Another perfect application for the sleeper shell comes where I would have least expected it. While hunting pit blinds, it can be very difficult to hide the lid itself. Full bodies will fall when the lid is moved too abruptly creating at worst a safety hazard, and at best a headache, and stake systems have to be drilled into the wooden lids which make for a reverse- dead fall type scenario for hunters hiding beneath them. Sleeper shells fit perfectly on the lids, hold tight with movement, and also help disguise the profile of the hunter. This common practice isn’t the big secret. That’s a well known fact. The surprise lies in how birds select a landing spot.
We all know how aggressive Canada geese of all sizes are. A quick walk around the park or golf course could give evidence of dozens of fights with tail feathers littered like leaves in the fall. Typically, while even the smaller varieties of Canada geese are drawn to a crowd of decoys, they rarely aim for a landing point in close proximity to alert, aggressive birds. While working birds from a pit, I’ve had great success and many experiences where birds have landed within feet of the blind, and even on the lid itself. I’ve attributed it to calls, flagging and other various things, but the more I started setting out groups of sleeper shells to help bulk up the spread, the more I noticed birds honing in on them and landing with them. I’d even move the cluster to create an open hole and see if that is what they preferred, and they’d go right to the group of sleepers in their new location. While this isn’t a hard and fast rule, I’d say more than half the time birds preferred to land with sleeper shells when they finished, or immediately adjacent them. I obviously don’t know everything a goose is thinking, but my best guess is that a sleeping goose is a non-aggressive, less threatening goose. If a bird can land near a food source without being attacked the second it hits the ground (which is usually the case in actively feeding flocks) it will take the path of least resistance. I’ve had great success directing those finishing birds with a cluster of ten to twenty loosely packed sleepers, again, mostly facing the same direction, and often toward the sun unless the wind is strong. While it often leads to bloody or shot-riddled decoys, those are two things that tell me they are worth the investment!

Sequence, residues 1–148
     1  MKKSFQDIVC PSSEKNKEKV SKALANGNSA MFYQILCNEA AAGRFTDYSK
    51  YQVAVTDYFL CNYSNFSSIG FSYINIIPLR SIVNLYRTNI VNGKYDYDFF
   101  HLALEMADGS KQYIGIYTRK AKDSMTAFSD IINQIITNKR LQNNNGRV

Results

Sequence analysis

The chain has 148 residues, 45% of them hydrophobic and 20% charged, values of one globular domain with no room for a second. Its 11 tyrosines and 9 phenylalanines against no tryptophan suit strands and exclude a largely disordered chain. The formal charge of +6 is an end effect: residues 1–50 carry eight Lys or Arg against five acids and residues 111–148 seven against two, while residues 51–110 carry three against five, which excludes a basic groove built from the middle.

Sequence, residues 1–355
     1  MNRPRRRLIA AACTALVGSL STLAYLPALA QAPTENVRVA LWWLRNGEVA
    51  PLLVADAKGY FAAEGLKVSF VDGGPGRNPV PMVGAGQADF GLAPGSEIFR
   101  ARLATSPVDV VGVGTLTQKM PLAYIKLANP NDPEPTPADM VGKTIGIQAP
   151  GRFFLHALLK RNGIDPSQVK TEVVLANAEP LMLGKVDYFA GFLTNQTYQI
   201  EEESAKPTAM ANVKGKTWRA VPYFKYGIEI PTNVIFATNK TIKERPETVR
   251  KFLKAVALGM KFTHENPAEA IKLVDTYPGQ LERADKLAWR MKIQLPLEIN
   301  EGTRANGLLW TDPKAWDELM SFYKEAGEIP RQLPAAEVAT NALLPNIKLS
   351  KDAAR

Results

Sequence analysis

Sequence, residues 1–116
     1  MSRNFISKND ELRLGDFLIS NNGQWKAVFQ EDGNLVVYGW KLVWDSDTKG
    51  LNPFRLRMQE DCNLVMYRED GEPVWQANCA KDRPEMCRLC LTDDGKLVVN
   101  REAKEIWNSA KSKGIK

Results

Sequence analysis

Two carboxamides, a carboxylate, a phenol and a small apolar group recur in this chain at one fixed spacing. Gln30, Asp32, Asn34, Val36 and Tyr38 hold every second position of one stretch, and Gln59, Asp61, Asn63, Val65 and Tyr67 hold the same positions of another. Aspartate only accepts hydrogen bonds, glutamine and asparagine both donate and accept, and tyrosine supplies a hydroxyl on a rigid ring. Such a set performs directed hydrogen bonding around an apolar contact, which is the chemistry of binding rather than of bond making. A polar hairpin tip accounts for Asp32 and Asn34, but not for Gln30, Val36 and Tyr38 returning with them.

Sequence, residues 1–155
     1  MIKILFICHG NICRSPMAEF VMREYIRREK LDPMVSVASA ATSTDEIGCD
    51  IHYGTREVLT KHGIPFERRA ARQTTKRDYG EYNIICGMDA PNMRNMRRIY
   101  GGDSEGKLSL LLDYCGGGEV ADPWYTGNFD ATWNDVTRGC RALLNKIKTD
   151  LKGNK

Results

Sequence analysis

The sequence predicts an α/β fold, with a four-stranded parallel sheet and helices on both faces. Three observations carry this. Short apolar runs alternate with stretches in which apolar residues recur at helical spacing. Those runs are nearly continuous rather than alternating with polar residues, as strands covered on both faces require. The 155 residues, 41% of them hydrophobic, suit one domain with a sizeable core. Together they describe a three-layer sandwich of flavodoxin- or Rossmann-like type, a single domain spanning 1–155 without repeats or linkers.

From the rainy skies of the Pacific Northwest all the way to the hollers of Tennessee, and everywhere in between, sleeper shells deserve a place in your arsenal. While you may draw a few goofy looks from your pals, you may also end up a few birds heavier on the drive home as a reward for thinking outside the box.
Back in Stock!
We’re excited to announce that the Maxima Sleeper Shell is officially back in stock! We’ve updated the paint scheme to match our new Maxima Floaters so that the entire Maxima Line matches perfectly.Shop Maximas